Some leading nineteenth-century European novelists, including Dickens and Balzac, locating their stories in the changing social conditions of the era, drew on the figure of the policeman as an instrument of order in times of change and in conditions of injustice. The portrayals were seldom wholly flattering, though authors variously idealized aspects of the policeman’s role, comparing them to those of the lawyer, the soldier, or indeed the priest, making the policeman a comforter, a protector, a supporter of the law. The comparison might have extended to the journalist, for the policeman and the journalist too have much in common. They are both seekers after truth—or should be. At their best they both claim to protect and defend the interests of the weak. Many of the same skills are required in the two roles. Their methodologies too can have much in common, although of course the rules under which they operate will differ.
They sometimes experience similar excoriation. The English writer (and journalist) Nicholas Tomalin said of journalism that the only requirements for real success in its pursuit are “rat-like cunning, a plausible literary manner, and a little literary ability” (Sunday Times Magazine, 26 October 1969). Similar pejorative epithets have been coined to describe the work of the police. Perhaps it is inevitable, given that the work often involves digging into other people’s affairs, that practitioners in both callings are frequently depicted in unflattering terms.
Police officers and journalists have a relationship that can sometimes be antagonistic but is more often symbiotic. The journalist relies on the police officer for information and often for access to scenes [End Page 193] that form much of modern news reportage. The police officer in turn relies on the journalist to convey to the wider public information that may assist in the investigation of crime or in the maintenance of public order. Police officers rely on journalists too, for publicity that may affect their careers. It can be remarkable how many detectives’ names will appear in print in the weeks leading up to promotion interviews.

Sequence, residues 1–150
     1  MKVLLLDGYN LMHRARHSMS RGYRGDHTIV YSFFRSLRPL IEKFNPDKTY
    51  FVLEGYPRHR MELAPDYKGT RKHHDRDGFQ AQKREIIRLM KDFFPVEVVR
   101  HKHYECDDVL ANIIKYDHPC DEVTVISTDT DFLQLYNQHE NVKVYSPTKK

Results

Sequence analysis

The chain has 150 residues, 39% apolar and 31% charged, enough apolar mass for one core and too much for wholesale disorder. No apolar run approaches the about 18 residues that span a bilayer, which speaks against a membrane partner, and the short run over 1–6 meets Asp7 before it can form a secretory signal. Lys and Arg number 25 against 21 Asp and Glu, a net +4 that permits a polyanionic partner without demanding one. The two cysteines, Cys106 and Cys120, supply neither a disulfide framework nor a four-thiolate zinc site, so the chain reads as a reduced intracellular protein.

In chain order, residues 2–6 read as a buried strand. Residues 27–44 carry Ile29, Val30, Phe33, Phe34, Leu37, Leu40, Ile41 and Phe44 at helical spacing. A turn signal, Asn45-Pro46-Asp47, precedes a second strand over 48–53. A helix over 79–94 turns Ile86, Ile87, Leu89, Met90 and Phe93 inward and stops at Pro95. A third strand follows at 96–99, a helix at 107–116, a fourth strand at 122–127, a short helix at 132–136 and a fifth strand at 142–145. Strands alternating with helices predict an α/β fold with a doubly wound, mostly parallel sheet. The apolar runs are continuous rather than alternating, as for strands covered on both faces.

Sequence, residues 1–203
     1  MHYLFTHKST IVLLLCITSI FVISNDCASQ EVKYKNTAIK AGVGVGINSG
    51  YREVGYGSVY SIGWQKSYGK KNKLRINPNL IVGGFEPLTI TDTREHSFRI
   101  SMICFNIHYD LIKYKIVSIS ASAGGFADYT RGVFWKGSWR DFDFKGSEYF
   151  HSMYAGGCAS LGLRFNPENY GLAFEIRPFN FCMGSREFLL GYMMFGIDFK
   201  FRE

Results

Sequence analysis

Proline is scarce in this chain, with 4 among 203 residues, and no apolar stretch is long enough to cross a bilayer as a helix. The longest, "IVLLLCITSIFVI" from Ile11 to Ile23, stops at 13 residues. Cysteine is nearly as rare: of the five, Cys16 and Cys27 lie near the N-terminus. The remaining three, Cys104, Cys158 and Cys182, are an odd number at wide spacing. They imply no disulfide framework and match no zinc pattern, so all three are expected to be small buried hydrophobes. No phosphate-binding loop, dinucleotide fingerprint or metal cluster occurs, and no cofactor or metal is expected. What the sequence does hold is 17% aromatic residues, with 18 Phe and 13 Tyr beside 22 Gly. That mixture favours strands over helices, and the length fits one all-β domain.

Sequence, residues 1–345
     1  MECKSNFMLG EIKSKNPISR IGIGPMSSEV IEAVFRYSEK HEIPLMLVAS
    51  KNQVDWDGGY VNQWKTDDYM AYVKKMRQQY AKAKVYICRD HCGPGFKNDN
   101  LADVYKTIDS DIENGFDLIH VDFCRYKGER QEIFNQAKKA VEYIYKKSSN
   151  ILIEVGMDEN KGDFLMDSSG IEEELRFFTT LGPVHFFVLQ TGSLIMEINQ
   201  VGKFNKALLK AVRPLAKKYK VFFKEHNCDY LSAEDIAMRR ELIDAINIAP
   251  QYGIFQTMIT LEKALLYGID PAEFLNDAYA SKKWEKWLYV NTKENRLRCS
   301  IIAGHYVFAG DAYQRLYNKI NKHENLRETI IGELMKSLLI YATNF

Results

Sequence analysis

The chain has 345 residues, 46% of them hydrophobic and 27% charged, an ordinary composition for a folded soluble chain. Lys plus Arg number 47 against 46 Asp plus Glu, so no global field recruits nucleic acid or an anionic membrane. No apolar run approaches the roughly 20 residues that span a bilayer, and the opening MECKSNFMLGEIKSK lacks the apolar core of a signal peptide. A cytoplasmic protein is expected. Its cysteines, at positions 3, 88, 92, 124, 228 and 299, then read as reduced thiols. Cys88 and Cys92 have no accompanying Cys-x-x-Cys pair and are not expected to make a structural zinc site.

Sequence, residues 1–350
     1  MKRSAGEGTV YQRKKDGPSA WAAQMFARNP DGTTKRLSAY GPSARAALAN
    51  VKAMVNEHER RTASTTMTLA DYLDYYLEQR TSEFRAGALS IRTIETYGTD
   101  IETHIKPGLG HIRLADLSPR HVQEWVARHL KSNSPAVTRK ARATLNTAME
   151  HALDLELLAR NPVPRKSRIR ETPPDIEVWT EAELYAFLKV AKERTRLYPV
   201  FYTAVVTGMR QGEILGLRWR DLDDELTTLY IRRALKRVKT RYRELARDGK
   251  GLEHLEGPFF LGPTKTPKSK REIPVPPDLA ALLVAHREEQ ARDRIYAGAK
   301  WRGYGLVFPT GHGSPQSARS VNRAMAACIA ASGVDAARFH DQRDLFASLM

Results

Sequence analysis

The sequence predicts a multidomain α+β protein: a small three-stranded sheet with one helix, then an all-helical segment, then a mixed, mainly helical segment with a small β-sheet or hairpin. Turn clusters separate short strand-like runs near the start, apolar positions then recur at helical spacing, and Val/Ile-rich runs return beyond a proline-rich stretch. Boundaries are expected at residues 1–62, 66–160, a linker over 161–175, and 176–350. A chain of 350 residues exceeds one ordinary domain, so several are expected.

Later in the course of this essay I shall try to compare aspects of the work of the journalist and the police officer under some of these headings.
Journalists and police officers often work in proximity. Their daily—or nightly—rounds can bring them into frequent contact. In many cases they socialize together, identifying bars and eating places that welcome clients with irregular hours and unpredictable work patterns.
They have in common that they are both avocations that are essentially products of the industrial age of the nineteenth century, at least in the common-law countries. Police forces as we know them in Ireland and the United Kingdom were first organized in England in the reign of Queen Victoria. In the same era many of the great national newspapers emerged, as did the network of the local press. The process was facilitated by the development of steam-driven printing machinery, principally in England and Prussia, and by the dramatic reduction in the taxation of the industry.
Tens of thousands of young men of modest means found employment in the police, as did the men who turned out the content for the newspapers. (There were as yet no women in either calling.) Broadly, policemen and journalists were from similar socioeconomic backgrounds. Neither Her Majesty’s home secretary nor the barons of the newspaper world were prepared to pay the high salaries expected by university men. But both the police and the newspapers could provide pathways to advancement for those who were prepared to work hard and improve themselves, without necessarily having the advantages of a public-school education or a degree.
Until fairly recently, policing and journalism more or less tracked each other in their professionalization and in their practitioners’ capacities to command higher pay. Until World War II police pay more or less matched the pay of artisans and tradesmen. Journalists’ pay was perhaps somewhat higher, but it rarely carried any of the pension [End Page 194] or sick-pay benefits that made policing attractive in an...